The Cardinals missed the playoffs this year. Can these players bring them back with improved performances?

The Cardinals’ season is over, which means its time to make reckless predictions about the future. Much has been made of the Cardinals’ supposedly “aging” core. Many people seem to think that they are in jeopardy for the future because of a lack of youth on the roster. The fact is, there are a number of Cardinals players who stand to improve their numbers for 2017, and hopefully give the Cardinals a shot at redemption for the next season. I’m going to take a look at the players who were on the Cardinals roster in 2016 and see which ones will improve the most for 2017.

Jaime Garcia

We’ll lead off with the most controversial of the players I’ve picked. Whether or not Jaime Garcia is even on the Cardinals next season is up for debate (and probably unlikely), but regardless of where he ends up he will definitely improve on his 2016. Remember, Garcia was pitching very well for a long stretch of the season, but his sudden collapse in crucial games led many to believe he was not a good pitcher. Recency bias aside, Garcia threw 171.2 IP this year, the most since his age 24 season back in 2011. Garcia is 30, which is not a spring chick but certainly not old enough to write off his decline as old age. Besides, he’s not a Lincecum-esque pitcher that has electric stuff that requires precise command. His pitch-to-contact philosophy should actually age well.

The major problem with Garcia has been injury issues. Garcia has already had Tommy John, rotator cuff and thoracic outlet surgery, and each surgery has limited the amount of games he’s played over the past couple of years. However, because of these injury issues, Garcia was never able to build up the stamina to throw 150+ innings a year, and this may be the root cause of his fade in September. Even if the Cardinals do not pick up Garcia’s option, a healthy and rested Garcia may come back next year stronger than ever.

Aledmys Diaz

Usually when a random infielder comes out of nowhere and starts raking, there is an expectation of a mild to severe sophomore slump. Somehow, the Cardinals consistently buck this trend (i.e. Matt Carpenter) and I expect it to continue next year for Diaz. As I discussed earlier, Diaz’s success has been built off of solid contact and a broad approach to the plate. Now, entering his age 26 season, Diaz is in a great position to build off of his all star season in 2016. He strikes out less than league average (13.0 K%) and walks more (8.9 BB%), he hits for power across the diamond and his BABIP (.312) is right around league average (.300). Plus, like many other rookies, he doesn’t struggle against a certain type of pitch and he can hit both righties and lefties. There isn’t much else to say about Diaz. He’s young and healthy and should continue to improve going into next year.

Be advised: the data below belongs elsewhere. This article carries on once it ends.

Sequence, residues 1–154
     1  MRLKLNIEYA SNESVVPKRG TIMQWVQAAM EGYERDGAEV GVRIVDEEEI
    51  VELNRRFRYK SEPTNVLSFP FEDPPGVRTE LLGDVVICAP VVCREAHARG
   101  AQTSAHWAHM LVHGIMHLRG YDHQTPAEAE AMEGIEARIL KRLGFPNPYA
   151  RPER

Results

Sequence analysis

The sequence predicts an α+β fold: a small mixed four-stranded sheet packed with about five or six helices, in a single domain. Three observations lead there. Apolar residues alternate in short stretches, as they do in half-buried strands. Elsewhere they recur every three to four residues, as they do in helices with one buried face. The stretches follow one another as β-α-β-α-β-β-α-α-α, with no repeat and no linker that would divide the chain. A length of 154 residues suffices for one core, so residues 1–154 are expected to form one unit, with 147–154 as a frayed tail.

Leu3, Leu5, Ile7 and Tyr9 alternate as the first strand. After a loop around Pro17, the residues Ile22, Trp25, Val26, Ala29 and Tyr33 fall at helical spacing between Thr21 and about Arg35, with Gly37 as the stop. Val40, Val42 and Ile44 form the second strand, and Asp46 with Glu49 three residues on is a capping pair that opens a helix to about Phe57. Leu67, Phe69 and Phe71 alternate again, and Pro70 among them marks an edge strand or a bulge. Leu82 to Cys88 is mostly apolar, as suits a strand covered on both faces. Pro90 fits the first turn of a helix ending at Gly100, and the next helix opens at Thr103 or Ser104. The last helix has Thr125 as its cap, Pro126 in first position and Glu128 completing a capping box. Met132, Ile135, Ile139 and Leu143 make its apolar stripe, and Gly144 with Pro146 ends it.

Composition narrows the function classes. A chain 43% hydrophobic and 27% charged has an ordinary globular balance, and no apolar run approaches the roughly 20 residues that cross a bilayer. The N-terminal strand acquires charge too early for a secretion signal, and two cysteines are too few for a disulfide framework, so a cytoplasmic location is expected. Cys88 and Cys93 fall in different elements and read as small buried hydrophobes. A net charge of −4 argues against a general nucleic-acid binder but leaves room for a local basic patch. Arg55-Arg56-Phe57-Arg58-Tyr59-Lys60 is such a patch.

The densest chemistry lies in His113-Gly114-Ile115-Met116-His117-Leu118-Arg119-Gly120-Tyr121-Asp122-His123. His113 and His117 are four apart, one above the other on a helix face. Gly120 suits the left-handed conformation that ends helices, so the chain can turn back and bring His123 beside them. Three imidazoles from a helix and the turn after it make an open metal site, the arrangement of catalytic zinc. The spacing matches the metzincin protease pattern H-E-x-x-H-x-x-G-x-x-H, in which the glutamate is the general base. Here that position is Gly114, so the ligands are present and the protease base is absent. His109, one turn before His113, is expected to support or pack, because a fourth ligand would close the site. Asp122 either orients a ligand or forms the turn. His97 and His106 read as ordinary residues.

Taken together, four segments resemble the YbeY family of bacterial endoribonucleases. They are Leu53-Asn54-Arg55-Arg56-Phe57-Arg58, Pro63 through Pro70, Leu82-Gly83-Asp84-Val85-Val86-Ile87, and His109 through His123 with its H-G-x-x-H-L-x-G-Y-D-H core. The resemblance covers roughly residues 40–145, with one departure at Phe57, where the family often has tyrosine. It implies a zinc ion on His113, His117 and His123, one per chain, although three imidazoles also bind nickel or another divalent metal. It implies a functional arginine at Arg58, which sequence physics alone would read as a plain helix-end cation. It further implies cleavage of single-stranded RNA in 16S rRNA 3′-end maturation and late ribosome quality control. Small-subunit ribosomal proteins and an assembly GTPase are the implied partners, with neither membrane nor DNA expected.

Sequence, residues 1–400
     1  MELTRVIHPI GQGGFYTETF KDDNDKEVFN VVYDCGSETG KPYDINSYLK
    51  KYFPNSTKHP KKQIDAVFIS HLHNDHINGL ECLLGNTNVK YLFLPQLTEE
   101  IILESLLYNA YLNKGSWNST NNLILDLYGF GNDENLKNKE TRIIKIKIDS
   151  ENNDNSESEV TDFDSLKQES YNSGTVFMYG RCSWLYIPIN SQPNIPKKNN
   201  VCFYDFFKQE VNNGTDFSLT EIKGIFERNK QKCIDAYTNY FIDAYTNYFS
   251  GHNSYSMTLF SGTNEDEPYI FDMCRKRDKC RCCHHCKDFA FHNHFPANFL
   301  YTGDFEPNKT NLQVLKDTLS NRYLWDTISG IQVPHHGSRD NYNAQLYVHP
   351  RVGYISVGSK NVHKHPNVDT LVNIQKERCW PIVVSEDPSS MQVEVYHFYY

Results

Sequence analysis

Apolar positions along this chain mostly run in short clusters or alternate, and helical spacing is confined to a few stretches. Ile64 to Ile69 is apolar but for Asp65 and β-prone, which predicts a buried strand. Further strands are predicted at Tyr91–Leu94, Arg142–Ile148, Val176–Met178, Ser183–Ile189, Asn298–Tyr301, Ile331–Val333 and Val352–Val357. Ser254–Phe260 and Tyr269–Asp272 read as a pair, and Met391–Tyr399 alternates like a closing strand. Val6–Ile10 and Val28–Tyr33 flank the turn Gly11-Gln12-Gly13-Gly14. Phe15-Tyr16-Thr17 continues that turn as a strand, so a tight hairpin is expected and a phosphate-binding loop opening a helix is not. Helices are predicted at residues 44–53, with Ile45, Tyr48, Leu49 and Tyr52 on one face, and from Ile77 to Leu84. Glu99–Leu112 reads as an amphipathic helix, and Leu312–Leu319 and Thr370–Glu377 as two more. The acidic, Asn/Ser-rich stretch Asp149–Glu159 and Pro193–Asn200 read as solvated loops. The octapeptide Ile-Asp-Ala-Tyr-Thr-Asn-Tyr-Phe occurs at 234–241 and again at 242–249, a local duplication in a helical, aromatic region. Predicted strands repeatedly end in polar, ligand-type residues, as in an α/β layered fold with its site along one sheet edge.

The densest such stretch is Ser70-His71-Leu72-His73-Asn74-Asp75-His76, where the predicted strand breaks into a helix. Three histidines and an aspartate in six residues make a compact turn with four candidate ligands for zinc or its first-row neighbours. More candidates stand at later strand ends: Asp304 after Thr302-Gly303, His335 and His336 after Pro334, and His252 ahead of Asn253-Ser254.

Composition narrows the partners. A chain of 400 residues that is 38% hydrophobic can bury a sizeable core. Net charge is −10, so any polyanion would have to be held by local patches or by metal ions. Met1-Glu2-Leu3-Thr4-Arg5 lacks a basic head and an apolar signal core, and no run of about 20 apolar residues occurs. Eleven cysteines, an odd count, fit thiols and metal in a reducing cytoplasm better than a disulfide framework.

Alex Reyes

Reminder: Alex Reyes just turned 22. After pitching 5 innings of 1 run ball in his first major league start on August 27th, Reyes couldn’t even go out for a beer. He pitched in only 12 games this year and started only 5 of those. When Reyes did pitch though, he was lights out. The first step in evaluating a rookie pitcher’s season is to smack yourself in the face and repeat “small sample size” over and over again. This is especially true for Reyes, he threw only 46 IP. But oh were those 46 IP tantalizing. Reyes displayed some electric stuff with 10.9 SO/9 and a 2.2 WAR in his shortened season. From a statistical stand point, I don’t think Reyes will be strictly better than a 263 ERA+ and a 1.57 ERA, but it is important to remember that about 37% of his innings came in relief. Reyes’ made only one start of 7 IP this year. Be ready to see a lot more of that next season. Reyes is prepared to move into the rotation in 2017, and when he does the 21 year old will be ready to rise to the occasion.

Trevor Rosenthal Should Move Into the Rotation

Stephen Piscotty

Stephen Piscotty burst onto the scene as a rookie in 2015 when he hit .305/.359/.494 in his age 24 season. Expectations were high for the young Piscotty as he entered 2016 when suddenly the sky darkened, a bolt of lightning cracked down from above and a booming voice thundered down, “SMALL SAMPLE SIZE!” Indeed, in a longer sample size Piscotty’s slash line dropped to .273/.343/.457 which are still excellent numbers across the board. I would advise against doubting Piscotty next year though. He’s still very young, and last year he struggled with a couple injuries that kept him off the field for 9 games. However, his strikeout and walk percentages (20.5 K% and 7.9 BB%) stayed around the same as his stellar rookie season, indicating that his rookie numbers weren’t just a fluke. Most seem to agree that late 20’s early 30’s is the beginning of baseball prime, and Piscotty is now entering that stretch of his career. Expect big things from him in the 2017 season.

Honorable Mentions: Kolten Wong, Luke Weaver, Trevor Rosenthal, Carlos Martinez

Photo: Jeff Curry- USA Today